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The Chemistry of Space
Based on a University of Michigan news release
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Cosmic Evolution
Posted:   05/13/09

Summary: Many of the organic molecules essential for life have been identified in space. Set to launch this month, the Herschel Space Observatory could help astronomers better characterize these molecules and determine whether or not these materials from space played a role in the origin of life on our planet.


ESA's Herschel observatory will help in the search for extrasolar planets and the study of organics in space.
Credit: ESA
Many of the organic molecules that make up life on Earth have also been found in space. A University of Michigan astronomer will use the Herschel Space Observatory to study these chemical compounds in new detail in the warm clouds of gas and dust around young stars.

He hopes to gain insights into how organic molecules form in space, and possibly, how life formed on Earth.

"The chemistry of space makes molecules that are the precursors of life. It’s possible that the Earth didn’t have to make these things on its own, but that they were provided from space," said Ted Bergin, an associate professor in the Department of Astronomy.

Bergin is a co-investigator on the Heterodyne Instrument for the Infrared aboard Herschel and a principal investigator on one of its key observing programs. Herschel, a European Space Agency mission with NASA participation, is scheduled to launch May 14. An orbiting telescope that will unlock new wavelengths on the electromagnetic spectrum, it will allow astronomers to observe at the far-infrared wavelengths where organic molecules and water emit their chemical signatures.

Many of the ingredients for life formed in outer space. The Earth formed from star dust, and later meteorites and comets delivered even more materials to our planet. But scientists are still unsure which molecules played the most important roles in life's origin.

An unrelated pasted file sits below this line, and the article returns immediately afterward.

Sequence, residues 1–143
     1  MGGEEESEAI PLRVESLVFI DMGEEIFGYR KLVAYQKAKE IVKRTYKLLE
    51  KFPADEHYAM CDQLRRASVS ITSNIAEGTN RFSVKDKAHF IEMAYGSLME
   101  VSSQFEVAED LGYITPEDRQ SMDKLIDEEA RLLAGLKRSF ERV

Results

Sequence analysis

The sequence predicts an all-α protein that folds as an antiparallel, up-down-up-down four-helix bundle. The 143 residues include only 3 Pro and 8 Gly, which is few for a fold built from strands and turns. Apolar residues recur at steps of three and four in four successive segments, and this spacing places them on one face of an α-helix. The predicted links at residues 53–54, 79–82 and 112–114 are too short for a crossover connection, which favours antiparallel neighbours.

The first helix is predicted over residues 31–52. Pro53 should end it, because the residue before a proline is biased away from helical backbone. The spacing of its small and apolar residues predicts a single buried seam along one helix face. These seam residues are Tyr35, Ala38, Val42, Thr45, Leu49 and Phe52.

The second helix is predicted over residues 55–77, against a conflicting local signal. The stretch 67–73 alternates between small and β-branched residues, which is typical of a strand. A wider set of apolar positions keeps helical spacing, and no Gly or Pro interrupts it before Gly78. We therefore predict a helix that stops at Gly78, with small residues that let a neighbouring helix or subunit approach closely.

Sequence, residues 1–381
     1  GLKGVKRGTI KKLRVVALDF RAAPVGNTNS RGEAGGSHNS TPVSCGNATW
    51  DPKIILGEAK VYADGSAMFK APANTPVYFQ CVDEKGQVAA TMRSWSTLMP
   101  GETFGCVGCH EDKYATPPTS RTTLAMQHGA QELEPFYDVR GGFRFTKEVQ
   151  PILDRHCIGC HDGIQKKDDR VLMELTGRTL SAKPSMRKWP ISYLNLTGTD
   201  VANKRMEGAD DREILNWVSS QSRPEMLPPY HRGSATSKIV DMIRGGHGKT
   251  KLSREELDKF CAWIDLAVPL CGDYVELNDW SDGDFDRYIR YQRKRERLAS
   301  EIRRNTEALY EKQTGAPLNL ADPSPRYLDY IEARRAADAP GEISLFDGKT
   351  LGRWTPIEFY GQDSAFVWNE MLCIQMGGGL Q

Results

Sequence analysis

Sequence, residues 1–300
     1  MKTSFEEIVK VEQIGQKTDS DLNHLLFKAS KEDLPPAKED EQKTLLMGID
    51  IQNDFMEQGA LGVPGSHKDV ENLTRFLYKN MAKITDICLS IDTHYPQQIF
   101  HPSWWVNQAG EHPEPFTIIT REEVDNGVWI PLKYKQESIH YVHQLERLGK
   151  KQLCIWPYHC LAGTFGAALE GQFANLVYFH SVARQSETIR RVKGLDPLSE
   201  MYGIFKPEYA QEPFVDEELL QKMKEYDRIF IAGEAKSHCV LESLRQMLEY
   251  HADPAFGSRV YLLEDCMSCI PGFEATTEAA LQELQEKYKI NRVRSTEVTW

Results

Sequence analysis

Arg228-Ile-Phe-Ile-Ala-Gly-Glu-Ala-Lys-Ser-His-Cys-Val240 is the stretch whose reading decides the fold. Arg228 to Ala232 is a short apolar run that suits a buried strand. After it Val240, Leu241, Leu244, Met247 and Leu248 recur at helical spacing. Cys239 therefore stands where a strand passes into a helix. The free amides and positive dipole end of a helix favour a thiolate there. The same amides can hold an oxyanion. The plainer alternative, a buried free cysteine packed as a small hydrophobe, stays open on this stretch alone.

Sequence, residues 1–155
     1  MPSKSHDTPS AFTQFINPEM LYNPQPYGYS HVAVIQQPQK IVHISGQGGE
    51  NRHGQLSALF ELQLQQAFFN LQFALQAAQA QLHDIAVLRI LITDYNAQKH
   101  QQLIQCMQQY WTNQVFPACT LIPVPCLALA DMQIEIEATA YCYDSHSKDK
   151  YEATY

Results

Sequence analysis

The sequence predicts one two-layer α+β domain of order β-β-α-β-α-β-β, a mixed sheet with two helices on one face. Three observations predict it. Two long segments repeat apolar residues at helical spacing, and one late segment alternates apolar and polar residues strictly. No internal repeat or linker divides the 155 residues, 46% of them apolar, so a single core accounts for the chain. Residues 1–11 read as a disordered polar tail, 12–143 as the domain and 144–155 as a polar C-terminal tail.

Credit: European Space Agency
"We’ll be studying the full extent of chemistry in space and we hope to learn what types of organics are out there as a function of their distance from a star," Bergin said. "And we want to understand the chemical machinery that led to the formation of these organics."

Meteorites flecked with amino acids, which make proteins, have fallen to Earth from space. In faraway galaxies and stellar nurseries, astronomers have detected complex organic sugar and hydrocarbon molecules that are key components in chlorophyll in plants and RNA. Bergin expects to detect tens if not hundreds of these kinds of compounds - some of which have never been found before outside the Earth.

He is also involved in a Herschel project to look for water molecules in space. Traces of water in warm clouds of gas and dust around young stars could hold clues to how water forms and behaves in space, and how this elixir of life came to be so abundant on Earth. Scientists believe water got to Earth in a similar way as organic molecules.

"Most of the water in the solar system is not where we are, but further out in the solar system," Bergin said. "Most theories suggest that the Earth formed dry and impacts from asteroids or other objects provided the water here."



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